The major U.S. index futures are currently pointing to a higher open on Tuesday, with stocks likely to move back to the upside following the pullback seen over the course of the previous session.
Unrelenting optimism about a new fiscal stimulus bill is likely to contribute to initial strength on Wall Street even as lawmakers have struggled for months to reach a compromise on a new relief package.
House Speaker Nancy Pelosi’s Deputy Chief of Staff Drew Hammill noted that the Democratic leader spoke with Treasury Secretary Steven Mnuchin about a coronavirus relief bill in a phone conversation Monday night.
“Recognizing the need to advance a final agreement on both matters together and quickly this week, the Speaker and the Secretary discussed the urgency of the committees finishing their work as soon as possible,” Hammill said on Twitter.
Hammill said Pelosi reiterated Democrats’ concerns about liability provisions, which remain an obstacle to securing state and local funding.
The conversation between Pelosi and Mnuchin came as bipartisan group of lawmakers publicly released their latest proposal, which was largely in line with a report from Reuters on Monday.
The proposal calls for a previously unveiled $908 billion bipartisan relief plan to be split into two proposals that could be voted on separately in order to win approval.
One bill would be a $748 billion measure including money for small businesses, the jobless and COVID-19 vaccine distribution, while the other would include more controversial measures such as liability protections for business and aid for state and local governments.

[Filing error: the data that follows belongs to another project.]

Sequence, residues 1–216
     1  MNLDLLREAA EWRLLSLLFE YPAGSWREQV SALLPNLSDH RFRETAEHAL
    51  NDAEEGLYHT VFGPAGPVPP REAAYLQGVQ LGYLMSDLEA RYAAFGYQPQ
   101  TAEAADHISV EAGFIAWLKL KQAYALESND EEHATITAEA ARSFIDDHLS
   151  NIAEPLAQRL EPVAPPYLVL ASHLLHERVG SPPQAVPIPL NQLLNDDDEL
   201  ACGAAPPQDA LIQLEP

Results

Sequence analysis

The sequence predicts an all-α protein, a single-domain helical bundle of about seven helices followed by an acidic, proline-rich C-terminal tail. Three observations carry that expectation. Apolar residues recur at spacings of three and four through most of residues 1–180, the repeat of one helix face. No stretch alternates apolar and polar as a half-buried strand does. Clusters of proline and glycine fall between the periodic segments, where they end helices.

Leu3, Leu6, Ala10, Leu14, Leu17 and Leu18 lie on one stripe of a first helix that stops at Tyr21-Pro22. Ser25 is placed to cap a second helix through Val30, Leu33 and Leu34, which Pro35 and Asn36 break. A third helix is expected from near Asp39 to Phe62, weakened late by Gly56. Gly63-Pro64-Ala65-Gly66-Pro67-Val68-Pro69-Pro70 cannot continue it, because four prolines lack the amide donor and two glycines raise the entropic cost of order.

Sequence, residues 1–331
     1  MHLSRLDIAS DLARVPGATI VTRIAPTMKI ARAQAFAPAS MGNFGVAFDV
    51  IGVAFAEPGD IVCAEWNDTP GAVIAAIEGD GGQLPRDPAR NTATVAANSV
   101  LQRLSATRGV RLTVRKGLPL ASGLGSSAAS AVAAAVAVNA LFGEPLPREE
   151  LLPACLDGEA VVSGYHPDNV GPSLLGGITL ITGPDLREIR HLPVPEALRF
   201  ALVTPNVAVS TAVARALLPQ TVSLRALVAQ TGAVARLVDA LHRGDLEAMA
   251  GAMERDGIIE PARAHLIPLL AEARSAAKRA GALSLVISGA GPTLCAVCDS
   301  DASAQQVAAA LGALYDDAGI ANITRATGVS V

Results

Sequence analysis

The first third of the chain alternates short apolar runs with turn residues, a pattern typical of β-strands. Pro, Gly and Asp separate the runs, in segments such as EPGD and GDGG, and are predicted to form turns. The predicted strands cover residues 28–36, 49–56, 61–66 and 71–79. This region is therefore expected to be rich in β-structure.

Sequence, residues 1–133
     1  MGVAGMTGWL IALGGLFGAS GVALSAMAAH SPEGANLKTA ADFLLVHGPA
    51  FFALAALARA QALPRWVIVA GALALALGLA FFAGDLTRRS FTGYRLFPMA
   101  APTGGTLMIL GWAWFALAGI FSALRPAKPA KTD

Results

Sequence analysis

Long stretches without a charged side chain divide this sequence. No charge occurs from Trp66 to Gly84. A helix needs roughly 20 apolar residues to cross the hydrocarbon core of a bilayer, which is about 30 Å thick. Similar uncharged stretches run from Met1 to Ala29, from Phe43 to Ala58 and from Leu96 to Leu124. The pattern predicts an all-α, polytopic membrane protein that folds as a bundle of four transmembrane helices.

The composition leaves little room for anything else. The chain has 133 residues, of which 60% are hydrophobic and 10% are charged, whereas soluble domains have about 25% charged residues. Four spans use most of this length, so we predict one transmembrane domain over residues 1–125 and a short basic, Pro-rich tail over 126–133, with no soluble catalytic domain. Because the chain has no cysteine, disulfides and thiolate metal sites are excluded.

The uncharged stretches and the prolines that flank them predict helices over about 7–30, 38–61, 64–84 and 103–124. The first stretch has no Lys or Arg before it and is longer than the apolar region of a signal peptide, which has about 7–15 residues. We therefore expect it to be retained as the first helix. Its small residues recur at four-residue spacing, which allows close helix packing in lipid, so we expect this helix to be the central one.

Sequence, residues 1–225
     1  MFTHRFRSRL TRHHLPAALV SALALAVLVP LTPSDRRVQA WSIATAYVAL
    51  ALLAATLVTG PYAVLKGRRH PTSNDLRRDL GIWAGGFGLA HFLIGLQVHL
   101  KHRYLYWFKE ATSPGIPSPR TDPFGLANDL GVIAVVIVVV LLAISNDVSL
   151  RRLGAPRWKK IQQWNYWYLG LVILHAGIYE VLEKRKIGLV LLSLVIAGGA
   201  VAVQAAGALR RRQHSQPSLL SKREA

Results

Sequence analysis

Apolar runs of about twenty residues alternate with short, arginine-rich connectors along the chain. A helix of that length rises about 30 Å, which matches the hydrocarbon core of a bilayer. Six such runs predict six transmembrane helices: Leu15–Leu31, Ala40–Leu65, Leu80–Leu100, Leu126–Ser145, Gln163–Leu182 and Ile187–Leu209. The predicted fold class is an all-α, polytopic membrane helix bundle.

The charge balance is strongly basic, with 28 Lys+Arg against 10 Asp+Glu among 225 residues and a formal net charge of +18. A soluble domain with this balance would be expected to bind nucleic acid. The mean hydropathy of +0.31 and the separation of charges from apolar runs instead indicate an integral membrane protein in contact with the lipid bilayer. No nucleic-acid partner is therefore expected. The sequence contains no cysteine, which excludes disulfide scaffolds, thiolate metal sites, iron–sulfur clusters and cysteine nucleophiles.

Stocks showed a strong move to the upside in early trading on Monday but gave back ground over the course of the session. The major averages pulled back well off their highs of the session, with the Dow and the S&P 500 sliding into negative territory.
The major averages eventually closed mixed for the third consecutive session. While the Nasdaq rose 62.17 points or 0.5 percent to 12,440.04, the Dow slid 184.82 points or 0.6 percent to 29,861.55 and the S&P 500 fell 15.97 points or 0.4 percent to 3,647.49.
The pullback by stocks came as amid concerns about the impact of new lockdown measures as the coronavirus death toll in the U.S. reached 300,000.
New York Governor Andrew Cuomo and New York City Mayor Bill de Blasio have both warned that the city could be headed for another “full shutdown” unless the second wave of coronavirus infections is contained.
“What is increasingly clear is that all forms of restrictions have to be on the table at this point,” de Blasio told reporters. “At the current rate we’re going, you have to be ready now for a full shutdown — a pause like we had back at the end of the spring.”